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How do I run my pool pump on solar power?

By February 20, 2019 No Comments

According to solar expert Finn Peacock, you have 2 options for powering your pool pump with solar electricity:

1) Take your pool pump off grid.

You can buy a ‘DC pool pump’ and dedicate 4-6 solar panels to powering it. The solar panels are wired directly in to the pool pump (via some power electronics) and when the sun is shining your pool pump will run. And you can still claim the solar rebate for these panels even though they are not connected to the grid!

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Pros

  • Your pool pump is not connected to the grid so you will never pay for grid electricity to power it.
  • The solar panels connected to the pump are not connected to the grid so you don’t need the grid’s permission to install them. Further the panels connected to the pool pump do not count towards the maximum number grid connected solar panels that you can install.
  • The panels can be mounted on a structure close to your pool – no need to take up valuable roof space.
  • The pool pump will run less in winter and more in summer – which synchronises well with swimming season.

Cons

  • You need to replace your pool pump.
  • If you are producing more solar energy than your pool pump needs to maintain the water – it goes to waste because the panels are not shared with the rest of the house.
  • If your panels are not producing enough energy to power the pool pump for long enough then you need to add more panels – the grid cannot top up the energy.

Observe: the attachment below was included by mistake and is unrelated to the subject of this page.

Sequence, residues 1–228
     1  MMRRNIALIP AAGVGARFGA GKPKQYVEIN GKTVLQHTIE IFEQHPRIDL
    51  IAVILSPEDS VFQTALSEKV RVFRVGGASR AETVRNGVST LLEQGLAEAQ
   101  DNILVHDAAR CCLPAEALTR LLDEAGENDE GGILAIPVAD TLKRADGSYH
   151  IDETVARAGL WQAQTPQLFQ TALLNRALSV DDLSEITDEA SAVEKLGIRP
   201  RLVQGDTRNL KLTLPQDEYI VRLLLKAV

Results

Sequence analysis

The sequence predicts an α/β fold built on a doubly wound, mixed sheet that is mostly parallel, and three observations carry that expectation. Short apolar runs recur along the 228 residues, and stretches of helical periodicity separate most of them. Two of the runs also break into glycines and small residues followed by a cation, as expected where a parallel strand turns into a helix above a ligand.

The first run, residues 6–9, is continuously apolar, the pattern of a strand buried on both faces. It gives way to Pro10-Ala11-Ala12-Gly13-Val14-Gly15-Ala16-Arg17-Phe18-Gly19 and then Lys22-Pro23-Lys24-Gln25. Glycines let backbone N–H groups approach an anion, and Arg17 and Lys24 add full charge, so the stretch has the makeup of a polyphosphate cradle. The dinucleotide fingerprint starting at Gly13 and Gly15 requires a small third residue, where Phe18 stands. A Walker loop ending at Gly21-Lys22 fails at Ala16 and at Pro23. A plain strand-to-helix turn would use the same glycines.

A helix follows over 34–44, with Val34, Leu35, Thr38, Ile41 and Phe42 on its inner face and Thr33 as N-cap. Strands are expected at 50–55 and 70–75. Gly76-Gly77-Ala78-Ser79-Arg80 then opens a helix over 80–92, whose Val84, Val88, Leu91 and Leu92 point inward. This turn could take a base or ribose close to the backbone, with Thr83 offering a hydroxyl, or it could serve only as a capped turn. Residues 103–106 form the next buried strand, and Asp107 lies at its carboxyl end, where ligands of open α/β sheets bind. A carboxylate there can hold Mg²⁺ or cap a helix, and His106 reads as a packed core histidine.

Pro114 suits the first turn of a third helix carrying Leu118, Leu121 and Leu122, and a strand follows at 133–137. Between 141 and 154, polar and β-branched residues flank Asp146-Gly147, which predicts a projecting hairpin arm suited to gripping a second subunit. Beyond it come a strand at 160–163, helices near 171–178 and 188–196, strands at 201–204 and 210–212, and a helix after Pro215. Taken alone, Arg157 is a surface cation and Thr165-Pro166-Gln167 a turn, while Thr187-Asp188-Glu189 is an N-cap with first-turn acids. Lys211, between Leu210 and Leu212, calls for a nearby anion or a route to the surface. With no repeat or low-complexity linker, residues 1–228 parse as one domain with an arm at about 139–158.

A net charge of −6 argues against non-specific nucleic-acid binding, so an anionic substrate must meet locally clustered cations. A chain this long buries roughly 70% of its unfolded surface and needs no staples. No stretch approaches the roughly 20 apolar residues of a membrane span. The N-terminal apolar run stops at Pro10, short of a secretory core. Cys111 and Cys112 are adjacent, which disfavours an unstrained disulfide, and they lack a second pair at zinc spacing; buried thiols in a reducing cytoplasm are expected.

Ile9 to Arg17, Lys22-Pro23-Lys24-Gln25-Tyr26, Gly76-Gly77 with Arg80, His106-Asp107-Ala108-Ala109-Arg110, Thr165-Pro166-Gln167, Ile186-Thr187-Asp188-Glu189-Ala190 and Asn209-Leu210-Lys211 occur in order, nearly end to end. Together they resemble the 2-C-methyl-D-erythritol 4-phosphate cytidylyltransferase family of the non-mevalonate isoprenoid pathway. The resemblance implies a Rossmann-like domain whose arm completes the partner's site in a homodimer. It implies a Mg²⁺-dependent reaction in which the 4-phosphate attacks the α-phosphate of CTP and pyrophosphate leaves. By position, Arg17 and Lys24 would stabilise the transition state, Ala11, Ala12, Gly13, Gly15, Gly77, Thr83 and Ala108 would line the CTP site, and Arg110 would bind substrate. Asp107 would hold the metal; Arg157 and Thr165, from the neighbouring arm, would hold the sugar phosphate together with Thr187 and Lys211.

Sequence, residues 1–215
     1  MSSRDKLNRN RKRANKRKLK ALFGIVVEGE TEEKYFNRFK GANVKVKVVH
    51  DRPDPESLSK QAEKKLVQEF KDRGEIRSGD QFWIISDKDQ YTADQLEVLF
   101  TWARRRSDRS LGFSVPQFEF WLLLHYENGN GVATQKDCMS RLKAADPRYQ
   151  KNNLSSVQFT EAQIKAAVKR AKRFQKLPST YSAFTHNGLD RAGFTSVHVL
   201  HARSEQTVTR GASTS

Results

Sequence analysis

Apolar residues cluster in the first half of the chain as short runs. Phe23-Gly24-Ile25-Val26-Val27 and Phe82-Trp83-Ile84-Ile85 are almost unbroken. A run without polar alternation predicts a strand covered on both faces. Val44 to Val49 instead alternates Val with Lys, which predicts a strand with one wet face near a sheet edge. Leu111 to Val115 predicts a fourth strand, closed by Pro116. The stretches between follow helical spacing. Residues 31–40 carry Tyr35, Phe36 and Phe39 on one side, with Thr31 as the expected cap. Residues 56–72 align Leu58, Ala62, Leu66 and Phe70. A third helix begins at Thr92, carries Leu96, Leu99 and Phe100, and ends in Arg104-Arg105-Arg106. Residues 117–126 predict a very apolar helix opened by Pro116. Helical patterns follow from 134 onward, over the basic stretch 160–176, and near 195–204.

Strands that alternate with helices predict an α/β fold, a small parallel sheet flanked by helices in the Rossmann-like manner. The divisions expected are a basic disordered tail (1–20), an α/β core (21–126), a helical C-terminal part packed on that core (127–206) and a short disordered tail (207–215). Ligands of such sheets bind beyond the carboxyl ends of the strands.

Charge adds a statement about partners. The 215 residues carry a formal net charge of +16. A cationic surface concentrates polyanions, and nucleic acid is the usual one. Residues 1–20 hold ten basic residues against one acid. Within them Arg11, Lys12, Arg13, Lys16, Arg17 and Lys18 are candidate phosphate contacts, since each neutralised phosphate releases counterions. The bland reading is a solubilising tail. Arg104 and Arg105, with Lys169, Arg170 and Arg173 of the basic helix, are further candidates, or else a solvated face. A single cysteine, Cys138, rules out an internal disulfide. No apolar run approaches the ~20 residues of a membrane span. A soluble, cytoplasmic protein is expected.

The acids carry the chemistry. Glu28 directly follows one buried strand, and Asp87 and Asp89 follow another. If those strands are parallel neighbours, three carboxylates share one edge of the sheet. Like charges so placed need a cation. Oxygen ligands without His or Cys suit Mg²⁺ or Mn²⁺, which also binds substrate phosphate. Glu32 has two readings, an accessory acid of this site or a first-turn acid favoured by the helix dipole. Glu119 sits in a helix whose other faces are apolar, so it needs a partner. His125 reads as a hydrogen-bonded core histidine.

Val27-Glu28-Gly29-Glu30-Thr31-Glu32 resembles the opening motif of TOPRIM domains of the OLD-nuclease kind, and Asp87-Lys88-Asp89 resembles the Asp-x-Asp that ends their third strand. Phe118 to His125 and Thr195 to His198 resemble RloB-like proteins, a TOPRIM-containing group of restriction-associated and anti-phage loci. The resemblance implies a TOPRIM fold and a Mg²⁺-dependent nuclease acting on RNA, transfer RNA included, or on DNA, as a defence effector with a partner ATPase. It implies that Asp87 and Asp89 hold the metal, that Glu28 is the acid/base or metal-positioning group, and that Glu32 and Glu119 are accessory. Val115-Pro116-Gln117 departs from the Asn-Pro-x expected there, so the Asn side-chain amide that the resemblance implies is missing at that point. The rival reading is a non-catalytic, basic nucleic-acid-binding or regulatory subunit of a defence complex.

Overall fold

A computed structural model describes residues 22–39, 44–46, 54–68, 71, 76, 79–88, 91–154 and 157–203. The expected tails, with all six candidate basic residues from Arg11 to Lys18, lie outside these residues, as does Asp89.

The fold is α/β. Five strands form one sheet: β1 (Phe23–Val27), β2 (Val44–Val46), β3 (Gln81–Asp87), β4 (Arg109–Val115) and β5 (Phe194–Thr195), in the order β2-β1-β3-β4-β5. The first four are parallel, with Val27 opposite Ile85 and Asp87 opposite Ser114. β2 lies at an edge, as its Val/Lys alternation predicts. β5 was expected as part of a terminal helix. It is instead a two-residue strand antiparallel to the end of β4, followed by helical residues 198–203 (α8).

2) Power your pool pump with your grid connected solar system.

If you buy a decent sized solar system for your home (6kW+), then that will be able to easily power your pool pump except on really overcast days. Simply install regular solar and set your pool pump timer to run as close to midday as possible. For example you may run it from 11am-1pm over winter and 10am-3pm over summer.

Pros

  • No need to change your pool pump, or run wires from the panels to your pool pump.
  • All your solar from your panels gets used. Either by your pool pump, or your other appliances or if you still have excess solar – it get’s exported to the grid for a Feed In Tariff.

Cons

  • On overcast days your pool pump may draw power from the grid.
  • You will need a good sized solar power system to power your home and pump ( I recommend at least 6kW of solar)

 

My recommendation:

If possible, the best option is to simply power your pool pump from your home’s regular supply. Just be sure you have a big enough solar system to power your pool pump as well as the rest of your house. This is the most efficient use of your solar power because all the solar power generated is either consumed or exported to the grid.

But there are 2 situations where an ‘off grid’ pool pump makes sense.

#1 If you can’t get permission from your electricity network to install as many grid connected panels as you’d like, then you can take the ‘off grid pool pump’ route. The pool pump’s panels will not be connected to the grid so no one can stop you adding those panels.

#2 If you can’t get enough panels on your roof to power your home and your pool pump, then the pool pump’s panels could be mounted on a structure close to the pool and directly connected to a DC pool pump.

The worst thing you can do:

The worst choice is to do nothing. Powering a pool pump with grid electricity at 30, 40 or 50c per kWh is madness. You need the pump to run during the day when the sun is shining, so take advantage of cheap solar that works out at less than 5c per kWh over the life of the system, and never worry about the expense of powering your pool pump again.”

*Click here to read the original article by solar expert Finn Peacock.

As a provider and installer of both AC and DC Solar Systems, Solar Systems Cairns can offer an inspection and personalised quote to help you understand the options and costs available on a new solar system for your home or business.

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